Submitted to: Agronomy Abstracts
Publication Type: Abstract Only
Publication Acceptance Date: July 8, 1999
Publication Date: N/A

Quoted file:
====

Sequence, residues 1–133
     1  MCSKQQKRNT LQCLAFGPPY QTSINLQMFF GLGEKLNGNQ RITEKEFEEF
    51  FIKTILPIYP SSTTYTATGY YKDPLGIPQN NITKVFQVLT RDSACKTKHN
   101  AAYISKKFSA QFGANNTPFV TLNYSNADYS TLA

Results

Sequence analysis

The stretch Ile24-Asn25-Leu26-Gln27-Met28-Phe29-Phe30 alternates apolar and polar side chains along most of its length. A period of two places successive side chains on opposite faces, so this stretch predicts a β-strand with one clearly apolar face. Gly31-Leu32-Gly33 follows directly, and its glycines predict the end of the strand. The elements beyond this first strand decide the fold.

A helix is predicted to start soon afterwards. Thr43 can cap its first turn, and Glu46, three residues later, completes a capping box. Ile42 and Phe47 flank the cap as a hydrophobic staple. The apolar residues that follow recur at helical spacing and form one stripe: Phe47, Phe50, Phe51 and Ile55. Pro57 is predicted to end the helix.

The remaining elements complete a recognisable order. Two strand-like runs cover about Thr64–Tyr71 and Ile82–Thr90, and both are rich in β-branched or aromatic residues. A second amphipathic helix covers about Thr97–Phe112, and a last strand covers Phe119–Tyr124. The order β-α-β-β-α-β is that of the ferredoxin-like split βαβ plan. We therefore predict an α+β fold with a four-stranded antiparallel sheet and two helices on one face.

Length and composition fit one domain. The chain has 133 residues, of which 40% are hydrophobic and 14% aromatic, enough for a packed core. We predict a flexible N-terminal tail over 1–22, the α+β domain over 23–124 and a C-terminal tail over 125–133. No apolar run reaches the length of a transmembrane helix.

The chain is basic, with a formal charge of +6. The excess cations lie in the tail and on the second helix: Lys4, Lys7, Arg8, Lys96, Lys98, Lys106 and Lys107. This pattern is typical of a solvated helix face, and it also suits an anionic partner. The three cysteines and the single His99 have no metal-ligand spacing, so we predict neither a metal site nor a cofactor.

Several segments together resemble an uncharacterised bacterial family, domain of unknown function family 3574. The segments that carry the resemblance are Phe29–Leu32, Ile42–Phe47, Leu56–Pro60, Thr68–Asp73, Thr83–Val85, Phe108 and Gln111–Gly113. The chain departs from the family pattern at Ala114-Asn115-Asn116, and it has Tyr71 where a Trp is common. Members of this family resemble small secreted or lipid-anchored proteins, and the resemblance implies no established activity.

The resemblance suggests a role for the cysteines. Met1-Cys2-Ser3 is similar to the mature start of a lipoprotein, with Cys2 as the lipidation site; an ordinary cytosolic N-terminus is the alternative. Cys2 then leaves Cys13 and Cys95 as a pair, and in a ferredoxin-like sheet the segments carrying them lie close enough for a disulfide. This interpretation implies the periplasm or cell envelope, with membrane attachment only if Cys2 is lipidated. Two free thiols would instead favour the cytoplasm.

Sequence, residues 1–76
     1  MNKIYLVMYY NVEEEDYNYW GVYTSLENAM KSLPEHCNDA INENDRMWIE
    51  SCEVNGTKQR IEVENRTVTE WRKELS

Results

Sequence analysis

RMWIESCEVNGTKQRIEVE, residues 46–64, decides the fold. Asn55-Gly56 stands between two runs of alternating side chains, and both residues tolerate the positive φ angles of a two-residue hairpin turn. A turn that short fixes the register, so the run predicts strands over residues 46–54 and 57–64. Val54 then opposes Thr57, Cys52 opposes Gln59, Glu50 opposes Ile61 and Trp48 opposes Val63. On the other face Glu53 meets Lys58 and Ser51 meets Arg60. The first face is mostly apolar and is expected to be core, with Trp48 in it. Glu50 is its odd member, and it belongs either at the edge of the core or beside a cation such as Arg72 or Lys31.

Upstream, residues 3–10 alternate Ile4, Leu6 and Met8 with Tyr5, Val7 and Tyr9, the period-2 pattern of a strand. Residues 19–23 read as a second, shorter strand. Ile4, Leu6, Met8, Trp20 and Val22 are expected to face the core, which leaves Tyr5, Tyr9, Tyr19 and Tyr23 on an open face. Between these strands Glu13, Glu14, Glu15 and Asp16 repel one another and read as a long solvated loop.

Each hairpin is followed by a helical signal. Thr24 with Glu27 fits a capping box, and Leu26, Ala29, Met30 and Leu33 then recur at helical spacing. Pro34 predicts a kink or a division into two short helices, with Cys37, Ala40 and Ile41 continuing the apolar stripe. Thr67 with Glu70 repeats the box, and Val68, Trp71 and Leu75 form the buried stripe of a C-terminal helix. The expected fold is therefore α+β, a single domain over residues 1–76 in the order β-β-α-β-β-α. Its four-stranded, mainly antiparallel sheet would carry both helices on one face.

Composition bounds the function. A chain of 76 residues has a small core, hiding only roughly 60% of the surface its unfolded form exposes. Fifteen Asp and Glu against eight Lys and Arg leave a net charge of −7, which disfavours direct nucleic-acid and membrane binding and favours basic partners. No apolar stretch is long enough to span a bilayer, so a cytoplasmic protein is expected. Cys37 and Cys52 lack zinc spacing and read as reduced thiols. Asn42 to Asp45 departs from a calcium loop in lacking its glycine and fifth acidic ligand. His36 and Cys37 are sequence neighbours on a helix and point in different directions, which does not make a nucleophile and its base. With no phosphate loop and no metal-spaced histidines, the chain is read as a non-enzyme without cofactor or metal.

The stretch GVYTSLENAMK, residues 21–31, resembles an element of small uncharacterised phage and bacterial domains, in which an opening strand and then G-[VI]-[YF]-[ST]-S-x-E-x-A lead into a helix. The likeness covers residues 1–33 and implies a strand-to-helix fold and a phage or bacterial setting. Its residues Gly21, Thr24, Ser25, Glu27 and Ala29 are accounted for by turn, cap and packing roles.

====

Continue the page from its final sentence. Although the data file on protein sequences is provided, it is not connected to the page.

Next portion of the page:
Technical Abstract: Soil crusts are thin, dense, surface layers that form as raindrops detach particles from and/or disperse soil aggregates. Emerging crops must penetrate or lift the crust, thus reducing seedling emergence and vigor. Our objectives were to quantify effects of forming a hill (cap) 25 mm high x 50 mm wide above the seed on crust formation and strength, and seedling emergence. Sieved (<12 mm) Pullman soil (fine, mixed, thermic Torrertic Paleustoll) was packed into columns (0.30 x 0.45 x 0.15 m) and planted with sorghum [Sorghum bicolor (L.) Moench], corn (Zea mays L.), soybean (Glycine max L.) and wheat (Triticum aestivum L.) in rows beneath a flat surface or soil cap. Rain was simulated using reverse osmosis water applied for 1 h at 50 mm h**-1. Columns were either bare or covered with an energy absorbing barrier. Analysis of variance comparisons show drop impact was needed to form soil crusts sufficiently strong to reduce seedling emergence. Surface caps reduced crust penetration resistance as much as 30%, but emergence was unaffected.